I began studying the drums when I was eight. I had started on piano but wanted to move to the drums. There was no one reason that I chose drums. I just felt an immediate and intangible attraction to them. And, at eight years old, I had no concerns about whether a girl ‘should’ play drums or not. My parents said yes (Very good parenting or very bad? Who knows?) and that was all that mattered.
I’d say two of the most profound influences were my two NY teachers, Scott Stevens (in the MET Orchestra at the time) and Buster Bailey (then in the NY Philharmonic). They were not just musical influences; they were both really life mentors. Apart from them, and more broadly, I have to say that every person I’ve ever played with was an enormous influence on me. Good, bad, it didn’t matter. I learned something valuable from every colleague along the way.
Three musical experiences immediately come to mind as ‘standouts’. The first was playing with the heavy metal band, Metallica, at Madison Square Garden about 20 years ago. The Orchestra of St. Luke’s was hired to back them up for their NY show. I was already a huge fan of the band and my secret ‘fan-girl’ persona exploded as I realized I was on stage with one of the greatest rock bands ever and playing to 17,000 screaming fans at the Garden. The second was the first time I played at the Musikverein in Vienna (with Orpheus). And third was playing Zimmerman’s Die Soldaten at the Armoury at the Lincoln Center Festival. It was a difficult, powerful opera. For all three, the music, combined with the settings, made for unforgettable evenings.
When I consider the challenges I faced, I have to confess that I feel they are the same challenges any musician faces in any workplace. Being prepared, behaving professionally, and being a good colleague have been my focus. And my field has changed a lot over the last 20 years; there are now plenty of female drummers and percussionists in important positions around the country. But, even when I was starting out — and could be I was just unaware or naive — I didn’t think of myself as a “female” percussionist. Probably because I was so fortunate along the way to have supportive colleagues who never made me feel I didn’t belong. They accepted me (as long as I did a good job) and that was the end of the story.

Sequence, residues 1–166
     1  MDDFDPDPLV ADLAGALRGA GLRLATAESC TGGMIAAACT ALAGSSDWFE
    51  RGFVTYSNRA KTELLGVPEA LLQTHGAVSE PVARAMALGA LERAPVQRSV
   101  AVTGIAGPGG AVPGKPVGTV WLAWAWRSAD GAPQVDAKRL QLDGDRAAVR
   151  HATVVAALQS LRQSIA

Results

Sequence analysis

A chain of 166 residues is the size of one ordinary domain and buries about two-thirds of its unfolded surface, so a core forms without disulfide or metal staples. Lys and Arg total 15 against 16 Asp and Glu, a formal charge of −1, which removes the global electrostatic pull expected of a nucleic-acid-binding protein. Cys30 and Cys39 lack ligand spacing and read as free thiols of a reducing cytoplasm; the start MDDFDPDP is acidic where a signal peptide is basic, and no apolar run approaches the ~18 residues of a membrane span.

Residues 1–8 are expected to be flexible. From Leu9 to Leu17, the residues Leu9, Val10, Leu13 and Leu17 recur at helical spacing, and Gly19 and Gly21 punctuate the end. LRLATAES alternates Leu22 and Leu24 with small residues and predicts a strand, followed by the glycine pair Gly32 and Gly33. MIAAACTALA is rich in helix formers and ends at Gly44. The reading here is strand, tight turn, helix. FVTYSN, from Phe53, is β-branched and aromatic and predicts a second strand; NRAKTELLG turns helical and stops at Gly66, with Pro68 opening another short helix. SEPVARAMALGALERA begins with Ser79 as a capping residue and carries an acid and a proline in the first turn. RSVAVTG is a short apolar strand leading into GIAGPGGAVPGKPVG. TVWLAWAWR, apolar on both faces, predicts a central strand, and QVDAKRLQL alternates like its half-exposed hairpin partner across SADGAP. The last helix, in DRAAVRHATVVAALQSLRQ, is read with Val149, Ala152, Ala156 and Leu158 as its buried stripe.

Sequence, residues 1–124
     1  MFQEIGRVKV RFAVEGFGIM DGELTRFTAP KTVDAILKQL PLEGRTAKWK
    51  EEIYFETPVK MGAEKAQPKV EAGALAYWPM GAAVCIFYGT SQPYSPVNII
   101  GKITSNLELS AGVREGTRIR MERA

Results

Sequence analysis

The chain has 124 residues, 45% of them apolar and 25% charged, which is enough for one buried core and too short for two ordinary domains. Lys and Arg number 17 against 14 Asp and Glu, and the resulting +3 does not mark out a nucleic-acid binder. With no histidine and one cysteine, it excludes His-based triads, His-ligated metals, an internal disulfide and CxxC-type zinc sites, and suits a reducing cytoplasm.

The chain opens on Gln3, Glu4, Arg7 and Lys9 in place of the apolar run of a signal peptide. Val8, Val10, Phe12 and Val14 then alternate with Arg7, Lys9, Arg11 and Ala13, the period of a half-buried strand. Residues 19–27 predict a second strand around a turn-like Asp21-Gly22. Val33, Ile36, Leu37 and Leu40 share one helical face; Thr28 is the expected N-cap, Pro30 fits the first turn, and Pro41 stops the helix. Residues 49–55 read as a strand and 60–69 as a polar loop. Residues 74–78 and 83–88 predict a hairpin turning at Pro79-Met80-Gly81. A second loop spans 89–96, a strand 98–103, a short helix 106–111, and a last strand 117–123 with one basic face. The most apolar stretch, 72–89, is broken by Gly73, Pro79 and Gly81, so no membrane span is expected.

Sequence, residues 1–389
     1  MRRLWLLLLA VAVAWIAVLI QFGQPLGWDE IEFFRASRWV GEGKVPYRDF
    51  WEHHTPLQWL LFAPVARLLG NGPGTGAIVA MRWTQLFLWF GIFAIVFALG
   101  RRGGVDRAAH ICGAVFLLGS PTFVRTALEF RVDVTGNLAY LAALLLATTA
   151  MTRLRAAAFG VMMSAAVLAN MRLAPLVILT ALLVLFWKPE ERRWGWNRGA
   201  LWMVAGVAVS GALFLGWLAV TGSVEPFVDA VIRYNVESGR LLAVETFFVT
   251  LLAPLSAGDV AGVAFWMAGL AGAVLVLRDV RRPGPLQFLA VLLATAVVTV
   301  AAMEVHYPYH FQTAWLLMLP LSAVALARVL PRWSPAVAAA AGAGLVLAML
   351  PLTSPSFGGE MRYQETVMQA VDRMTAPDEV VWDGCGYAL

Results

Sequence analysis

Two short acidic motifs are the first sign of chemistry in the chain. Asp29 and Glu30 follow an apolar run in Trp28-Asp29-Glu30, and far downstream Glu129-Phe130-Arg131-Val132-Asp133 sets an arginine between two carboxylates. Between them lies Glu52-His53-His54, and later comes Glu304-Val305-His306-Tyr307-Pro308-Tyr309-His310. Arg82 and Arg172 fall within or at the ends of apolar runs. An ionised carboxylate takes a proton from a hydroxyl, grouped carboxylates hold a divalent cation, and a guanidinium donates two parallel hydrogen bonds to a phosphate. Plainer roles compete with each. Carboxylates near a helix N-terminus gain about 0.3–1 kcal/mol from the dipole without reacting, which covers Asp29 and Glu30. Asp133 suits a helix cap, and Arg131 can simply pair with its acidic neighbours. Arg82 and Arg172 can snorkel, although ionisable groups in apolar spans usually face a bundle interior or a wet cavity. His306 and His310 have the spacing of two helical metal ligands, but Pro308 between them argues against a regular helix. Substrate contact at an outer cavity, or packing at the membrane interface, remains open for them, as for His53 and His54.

Last thoughts? I love my colleagues and I love NY. I would not have been able to have the kind of career I’ve had in any other city in the world.
Maya Gunji, percussion, received her BM and MM from the Juilliard School, and has performed with many of New York’s leading ensembles, including the New York Philharmonic, the Metropolitan Opera Orchestra, the New York City Ballet Orchestra and the New York City Opera Orchestra. Maya has also performed as a guest artist with the Berlin Philharmonic, St Petersburg Philharmonic, the Mariisnky Orchestra, the Israel Philharmonic, Bavarian Radio Symphony Orchestra and the St Paul Chamber Orchestra. She is a member of the American Ballet Theatre Orchestra, The Orchestra of St Luke’s, the Orpheus Chamber Orchestra, and was the timpanist for the Radio City Music Hall Orchestra, from 1992-2006. Performances on Broadway include productions of The Three Penny Opera, The Man of La Mancha, Les Miserables, Miss Saigon, and Mary Poppins. (photo Matt Dine)
This interview by Martha Hyde and Sara Cutler first appeared in the March 2023 issue of Allegro, the magazine of the NYC musicians’ union Local 802 as part of a feature called “Women’s Lives, Women’s Stories”